Dopersmokers mingled in the darkness at the ACL Moody Theater on Friday night, getting nice and toasty before what may be the most quintessential stoner metal band of all time hit the stage. In Sleep’s twenty-five year existence they have played selective gigs, so the opportunity to see them live is one to be savored. Taking a stage adorned only with stacks and stacks of amps, the members of Sleep didn’t say much before laying down a crushing wall of sound. The trio relentlessly plowed deep into thick, sludgy grooves that oozed together and were punctuated only by the droning, haunting vocals of bassist and singer Al Cisneros.
Sleep’s music is as heavy as it is slow and the lack of a mosh pit at the show reflected this. Instead, those in the crowd simply nodded their heads as if hypnotized by drummer Jason Roeder’s bombastic, cannon-fire playing. With a band like Sleep the only thing to really do is let the music take you over and focus on what comes across as one continuous composition. The music is abrasive yet strangely comforting in its ability to lock the listener into a trance-like state, stoned or not. The entertainment in seeing the band live comes mostly in watching the ever-impressive and perpetually shirtless Matt Pike. Compared to the speed and intensity of his other band High On Fire, playing in Sleep must be an exercise in restraint for the guitarist. But his talent in dancing around the groove and honing in on the simple nuances rather than manically shredding as many notes as possible is akin to a highly skilled jazz musician. All three members of the band worked in unison to build that sinister marching pulse that is the cornerstone of the stoner metal sound. They played songs from throughout their career, but what songs were played wasn’t so much important as how the set came together as a whole.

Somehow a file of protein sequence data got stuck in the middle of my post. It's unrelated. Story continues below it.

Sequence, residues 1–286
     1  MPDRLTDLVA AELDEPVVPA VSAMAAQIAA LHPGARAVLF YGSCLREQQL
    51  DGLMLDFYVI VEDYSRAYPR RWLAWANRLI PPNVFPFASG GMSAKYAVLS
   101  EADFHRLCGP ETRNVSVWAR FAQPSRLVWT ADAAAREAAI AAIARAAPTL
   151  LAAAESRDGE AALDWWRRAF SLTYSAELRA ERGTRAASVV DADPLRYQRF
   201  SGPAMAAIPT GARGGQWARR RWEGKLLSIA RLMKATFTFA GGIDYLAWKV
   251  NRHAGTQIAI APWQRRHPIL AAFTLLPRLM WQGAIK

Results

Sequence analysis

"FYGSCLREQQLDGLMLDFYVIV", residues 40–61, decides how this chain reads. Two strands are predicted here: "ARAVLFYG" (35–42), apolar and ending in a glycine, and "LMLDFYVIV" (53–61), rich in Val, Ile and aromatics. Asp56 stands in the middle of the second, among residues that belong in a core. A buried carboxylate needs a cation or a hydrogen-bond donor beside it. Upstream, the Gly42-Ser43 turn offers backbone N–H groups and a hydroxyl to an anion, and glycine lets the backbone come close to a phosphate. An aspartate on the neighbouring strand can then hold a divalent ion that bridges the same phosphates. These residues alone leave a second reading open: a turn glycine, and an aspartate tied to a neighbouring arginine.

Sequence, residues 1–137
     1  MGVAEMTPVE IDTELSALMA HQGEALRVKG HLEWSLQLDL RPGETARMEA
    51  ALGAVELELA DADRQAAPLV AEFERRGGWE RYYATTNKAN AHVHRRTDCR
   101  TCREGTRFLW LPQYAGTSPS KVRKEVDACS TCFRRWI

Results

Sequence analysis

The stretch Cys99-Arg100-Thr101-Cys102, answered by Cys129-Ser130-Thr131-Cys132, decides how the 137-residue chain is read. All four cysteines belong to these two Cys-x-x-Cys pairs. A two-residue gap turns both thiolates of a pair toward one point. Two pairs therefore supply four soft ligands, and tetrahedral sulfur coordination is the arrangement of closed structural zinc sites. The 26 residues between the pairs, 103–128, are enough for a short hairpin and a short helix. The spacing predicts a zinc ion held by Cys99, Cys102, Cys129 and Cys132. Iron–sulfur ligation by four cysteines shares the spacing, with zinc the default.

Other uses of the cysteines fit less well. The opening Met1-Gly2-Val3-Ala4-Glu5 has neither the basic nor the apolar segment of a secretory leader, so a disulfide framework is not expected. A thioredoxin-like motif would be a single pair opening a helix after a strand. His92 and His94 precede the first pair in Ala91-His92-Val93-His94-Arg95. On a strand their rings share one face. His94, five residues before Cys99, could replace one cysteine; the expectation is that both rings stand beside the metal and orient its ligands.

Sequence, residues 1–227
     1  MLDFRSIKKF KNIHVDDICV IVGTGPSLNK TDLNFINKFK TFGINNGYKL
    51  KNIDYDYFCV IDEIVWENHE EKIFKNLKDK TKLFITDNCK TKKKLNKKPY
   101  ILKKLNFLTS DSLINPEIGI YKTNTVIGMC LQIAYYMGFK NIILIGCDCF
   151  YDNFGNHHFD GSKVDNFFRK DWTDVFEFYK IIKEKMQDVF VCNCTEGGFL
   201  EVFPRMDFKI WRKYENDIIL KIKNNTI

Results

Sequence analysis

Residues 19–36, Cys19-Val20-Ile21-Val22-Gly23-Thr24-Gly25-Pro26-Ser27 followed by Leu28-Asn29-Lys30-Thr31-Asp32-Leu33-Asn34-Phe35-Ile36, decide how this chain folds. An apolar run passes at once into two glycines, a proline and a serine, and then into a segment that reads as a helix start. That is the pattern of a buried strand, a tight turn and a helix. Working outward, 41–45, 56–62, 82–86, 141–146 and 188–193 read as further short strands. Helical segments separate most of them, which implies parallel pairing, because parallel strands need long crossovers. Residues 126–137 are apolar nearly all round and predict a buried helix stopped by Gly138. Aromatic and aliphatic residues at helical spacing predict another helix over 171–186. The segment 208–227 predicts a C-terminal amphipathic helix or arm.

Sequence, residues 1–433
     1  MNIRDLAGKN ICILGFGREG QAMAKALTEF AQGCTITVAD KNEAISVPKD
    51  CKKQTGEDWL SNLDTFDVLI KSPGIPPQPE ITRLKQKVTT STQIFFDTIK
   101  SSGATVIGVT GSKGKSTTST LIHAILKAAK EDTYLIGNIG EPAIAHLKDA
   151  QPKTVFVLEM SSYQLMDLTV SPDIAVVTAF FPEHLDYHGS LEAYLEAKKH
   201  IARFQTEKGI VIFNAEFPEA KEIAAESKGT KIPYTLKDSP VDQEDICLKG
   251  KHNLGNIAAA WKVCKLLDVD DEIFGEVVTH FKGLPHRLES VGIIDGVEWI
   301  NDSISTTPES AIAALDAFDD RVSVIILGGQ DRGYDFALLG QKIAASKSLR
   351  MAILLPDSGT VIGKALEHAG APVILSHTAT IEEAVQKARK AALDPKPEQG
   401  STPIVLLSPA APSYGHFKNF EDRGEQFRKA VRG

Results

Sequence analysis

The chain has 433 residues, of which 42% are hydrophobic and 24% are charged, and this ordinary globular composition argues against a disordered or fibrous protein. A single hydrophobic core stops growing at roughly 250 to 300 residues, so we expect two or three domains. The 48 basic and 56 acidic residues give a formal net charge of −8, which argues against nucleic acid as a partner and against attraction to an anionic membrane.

As quick as they emerged the band disappeared after thanking the appreciative crowd. No encore was needed or even demanded by the crowd, who appeared to be in the kind of stupor that only comes from having your face melted for close to two hours. It’s safe to say everyone who made it out on Friday night felt lucky to have witnessed one of the great metal acts of our time in one of their rare live performances.’
Photos by Arthur VanRooy.